Light


childfishing
"Teach a man to cook and his inheritance will be tiny."

Autumn sits like a bushel basket over the Foothills this morning, filtering light into a thick sauce which moves languidly among the trees suddenly streaked with the first golden leaves. Thirty nine degrees this morning, snow just a little further up into the hills. My head feels as thick as the sunlight sauce, unwilling or perhaps just suddenly unable to think, straight or otherwise. My mother, who was famous around the assisted living facility for her toys, kept a solar powered critter on her windowsill which would dance around when the sun angled in just right. That critter would be staring numbly out the window this morning.
I believe the term for my condition might be 'ill at ease,' a most curious phrase which might mean 'anxiously idling' or 'wound up bored,' a subtle paradox. While the Summertime seems solar powered, Autumn relies upon some different fuel source which requires rediscovery every year. In my youth, the new school year provided adequate motive force to propel me forward into this season, for a new school year seemed like Christmas and adventure all wrapped up in one. New clothes, new supplies, new shoes, new friends, and a whole new schedule of classes and teachers could distract me until I was fully involved. Now, the schedule remains unchanged while the world around me shifts into a lower gear. I feel hyper-aware and uncertain of any direction. My compass seems fogged in.
The Muse built some do-hickey yesterday, buying supplies at The Despot while I trailed along pushing the cart holding ten foot poles like an inept jouster, narrowly avoiding skewering distracted shoppers. On its best days, The Home Despot serves as a gathering point for the severely disoriented, the aisles seemingly especially designed to distract and frustrate, the central organizing principle indecipherable, even to the orange vest-wearing 'sales associates.' It's a blinded leading the blind operation where nobody knows where anything is. Should one accidentally find what they were looking for, it will inevitably be in the wrong size.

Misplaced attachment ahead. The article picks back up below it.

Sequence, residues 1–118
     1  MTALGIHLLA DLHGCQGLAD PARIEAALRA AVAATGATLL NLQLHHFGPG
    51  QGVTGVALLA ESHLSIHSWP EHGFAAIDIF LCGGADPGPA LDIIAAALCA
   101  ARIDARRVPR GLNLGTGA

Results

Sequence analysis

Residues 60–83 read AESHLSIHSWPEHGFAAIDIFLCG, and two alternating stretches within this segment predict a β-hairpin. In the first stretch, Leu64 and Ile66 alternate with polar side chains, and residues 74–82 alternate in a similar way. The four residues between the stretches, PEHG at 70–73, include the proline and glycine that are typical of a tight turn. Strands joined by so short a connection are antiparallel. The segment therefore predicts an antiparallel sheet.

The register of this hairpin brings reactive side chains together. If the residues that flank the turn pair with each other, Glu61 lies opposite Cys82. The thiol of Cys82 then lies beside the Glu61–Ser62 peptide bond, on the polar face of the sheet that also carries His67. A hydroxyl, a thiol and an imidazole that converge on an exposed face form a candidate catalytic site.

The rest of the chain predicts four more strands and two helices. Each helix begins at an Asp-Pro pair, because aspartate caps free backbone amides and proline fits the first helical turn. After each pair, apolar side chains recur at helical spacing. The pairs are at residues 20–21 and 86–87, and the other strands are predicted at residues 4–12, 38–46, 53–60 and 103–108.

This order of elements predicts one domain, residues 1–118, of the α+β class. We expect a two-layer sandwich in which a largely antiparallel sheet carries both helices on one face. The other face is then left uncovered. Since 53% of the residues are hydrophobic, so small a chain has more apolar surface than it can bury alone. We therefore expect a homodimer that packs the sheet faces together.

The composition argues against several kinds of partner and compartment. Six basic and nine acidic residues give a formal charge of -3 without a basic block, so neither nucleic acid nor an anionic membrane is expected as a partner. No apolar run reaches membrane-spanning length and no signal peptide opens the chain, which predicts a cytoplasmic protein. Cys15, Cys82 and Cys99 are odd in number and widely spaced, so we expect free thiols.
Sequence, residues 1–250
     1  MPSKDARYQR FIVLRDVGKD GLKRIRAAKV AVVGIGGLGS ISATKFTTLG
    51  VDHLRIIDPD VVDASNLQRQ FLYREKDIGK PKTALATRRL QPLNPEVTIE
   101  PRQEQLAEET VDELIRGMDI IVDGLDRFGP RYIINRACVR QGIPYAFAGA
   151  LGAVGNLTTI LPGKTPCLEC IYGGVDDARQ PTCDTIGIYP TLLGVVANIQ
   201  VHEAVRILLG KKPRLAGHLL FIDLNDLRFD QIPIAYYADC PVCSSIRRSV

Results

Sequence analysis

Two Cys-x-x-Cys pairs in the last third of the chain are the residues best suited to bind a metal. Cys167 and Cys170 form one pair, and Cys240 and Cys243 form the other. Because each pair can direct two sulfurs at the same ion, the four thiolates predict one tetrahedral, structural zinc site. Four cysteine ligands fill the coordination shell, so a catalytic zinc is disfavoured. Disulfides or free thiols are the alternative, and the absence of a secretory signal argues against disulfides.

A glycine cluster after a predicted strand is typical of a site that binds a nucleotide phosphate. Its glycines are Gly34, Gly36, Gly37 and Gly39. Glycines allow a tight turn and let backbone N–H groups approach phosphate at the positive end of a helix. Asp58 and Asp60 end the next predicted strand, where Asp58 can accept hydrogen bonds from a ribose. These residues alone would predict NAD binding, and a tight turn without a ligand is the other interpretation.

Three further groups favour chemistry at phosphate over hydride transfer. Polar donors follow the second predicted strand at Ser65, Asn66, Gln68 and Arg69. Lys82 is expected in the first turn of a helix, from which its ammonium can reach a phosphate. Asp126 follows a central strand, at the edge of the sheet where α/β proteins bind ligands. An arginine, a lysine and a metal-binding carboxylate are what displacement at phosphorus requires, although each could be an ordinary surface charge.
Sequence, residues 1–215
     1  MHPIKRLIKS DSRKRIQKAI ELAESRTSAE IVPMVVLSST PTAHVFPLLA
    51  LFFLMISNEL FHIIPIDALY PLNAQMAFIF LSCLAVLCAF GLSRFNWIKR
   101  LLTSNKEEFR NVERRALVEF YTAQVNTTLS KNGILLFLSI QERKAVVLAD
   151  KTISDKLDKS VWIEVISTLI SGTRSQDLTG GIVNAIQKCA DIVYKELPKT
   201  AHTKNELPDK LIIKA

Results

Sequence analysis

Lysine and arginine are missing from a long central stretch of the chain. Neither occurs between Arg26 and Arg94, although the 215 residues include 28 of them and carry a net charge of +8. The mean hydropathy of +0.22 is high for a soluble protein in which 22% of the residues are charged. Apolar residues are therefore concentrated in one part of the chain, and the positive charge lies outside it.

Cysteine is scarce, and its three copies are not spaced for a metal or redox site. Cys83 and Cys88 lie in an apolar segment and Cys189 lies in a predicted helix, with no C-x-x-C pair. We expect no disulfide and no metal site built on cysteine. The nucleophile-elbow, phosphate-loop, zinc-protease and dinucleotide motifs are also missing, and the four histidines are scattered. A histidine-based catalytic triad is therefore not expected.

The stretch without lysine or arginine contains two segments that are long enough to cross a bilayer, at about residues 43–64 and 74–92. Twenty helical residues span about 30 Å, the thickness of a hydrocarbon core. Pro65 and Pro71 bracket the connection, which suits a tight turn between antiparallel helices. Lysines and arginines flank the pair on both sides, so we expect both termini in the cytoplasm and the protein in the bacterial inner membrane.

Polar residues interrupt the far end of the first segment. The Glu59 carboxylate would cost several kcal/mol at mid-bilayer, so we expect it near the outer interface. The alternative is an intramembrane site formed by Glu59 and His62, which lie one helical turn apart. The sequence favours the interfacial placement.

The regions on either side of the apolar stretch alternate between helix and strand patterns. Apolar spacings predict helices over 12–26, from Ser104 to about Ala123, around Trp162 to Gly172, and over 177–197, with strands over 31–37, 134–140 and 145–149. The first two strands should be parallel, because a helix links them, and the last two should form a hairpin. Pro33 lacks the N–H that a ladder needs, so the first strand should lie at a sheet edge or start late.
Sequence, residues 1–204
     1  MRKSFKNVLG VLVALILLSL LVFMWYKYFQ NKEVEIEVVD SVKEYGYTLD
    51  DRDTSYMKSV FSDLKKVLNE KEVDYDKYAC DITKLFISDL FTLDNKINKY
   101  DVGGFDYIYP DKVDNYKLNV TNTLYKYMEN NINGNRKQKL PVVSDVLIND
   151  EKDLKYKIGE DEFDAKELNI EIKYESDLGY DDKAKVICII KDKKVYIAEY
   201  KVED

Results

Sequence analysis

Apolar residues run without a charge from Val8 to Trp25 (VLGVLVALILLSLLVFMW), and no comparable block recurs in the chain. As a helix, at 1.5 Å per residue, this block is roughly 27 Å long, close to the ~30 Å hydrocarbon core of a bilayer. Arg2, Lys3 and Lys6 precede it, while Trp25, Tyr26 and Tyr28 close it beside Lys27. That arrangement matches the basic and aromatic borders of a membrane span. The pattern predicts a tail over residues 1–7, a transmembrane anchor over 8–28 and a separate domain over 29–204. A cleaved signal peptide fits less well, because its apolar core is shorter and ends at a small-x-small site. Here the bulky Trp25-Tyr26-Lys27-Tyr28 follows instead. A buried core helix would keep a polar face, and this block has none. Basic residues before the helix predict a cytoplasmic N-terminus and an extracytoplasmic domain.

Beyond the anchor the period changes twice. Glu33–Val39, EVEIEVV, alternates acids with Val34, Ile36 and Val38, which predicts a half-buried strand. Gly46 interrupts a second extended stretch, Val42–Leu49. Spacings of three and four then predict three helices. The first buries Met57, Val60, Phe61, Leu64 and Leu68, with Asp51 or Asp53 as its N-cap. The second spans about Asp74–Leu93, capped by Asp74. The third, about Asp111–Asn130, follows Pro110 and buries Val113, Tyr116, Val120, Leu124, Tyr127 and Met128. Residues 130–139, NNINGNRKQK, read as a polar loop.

The helpful associate attending to us volunteered to saw those twelve footers into more manageable six footers, but he used a saw that, as we suspected, left every piece a little different length. The ten foot poles, I tied to the top of The Zoom Car, but once back at The Villa, I tried to stay out of The Muse's way. She's doubtless better in the shop than I'll ever be, so I set up an extension cord, fished out the drill, stacked empty boxes out of the way, and dragged out the workbench before disappearing inside. I did stop by a few times to offer encouragement and lose the odd part for her, since I doubted she could lose them so effectively on her own. I amused myself cooking supper while she gnashed her teeth trying to decipher the plans. I never did understand what she was building, but I helped hold some pieces while she hacksawed or hammered.
By bedtime, she'd successfully completed construction and even installed the gizmo in her quilting room. I'd managed to roast a chicken and concoct some red chile sauce, both of which seemed to lack the gravitas of her end product, which will likely outlive the both of us. Teach a man to cook and his inheritance will be tiny.
It was dark before the sun set yesterday. Afterwards, torrential rain came battering the deck garden. Lightning followed, and raging thunder in the dark. The windows which had been portholes to the summertime only reflected inward all night. The Muse woke up cold, wondering if the furnace, freshly turned on the prior morning, had failed us in the dark. It had not, though I suspect that it, too, had noticed the sudden absence of light and privately wondered what might power it now. In the absence of solar energy, a kind of natural gas takes over the power plant. The switchover seems impossible until it doesn't anymore.

©2018 by David A. Schmaltz - all rights reserved









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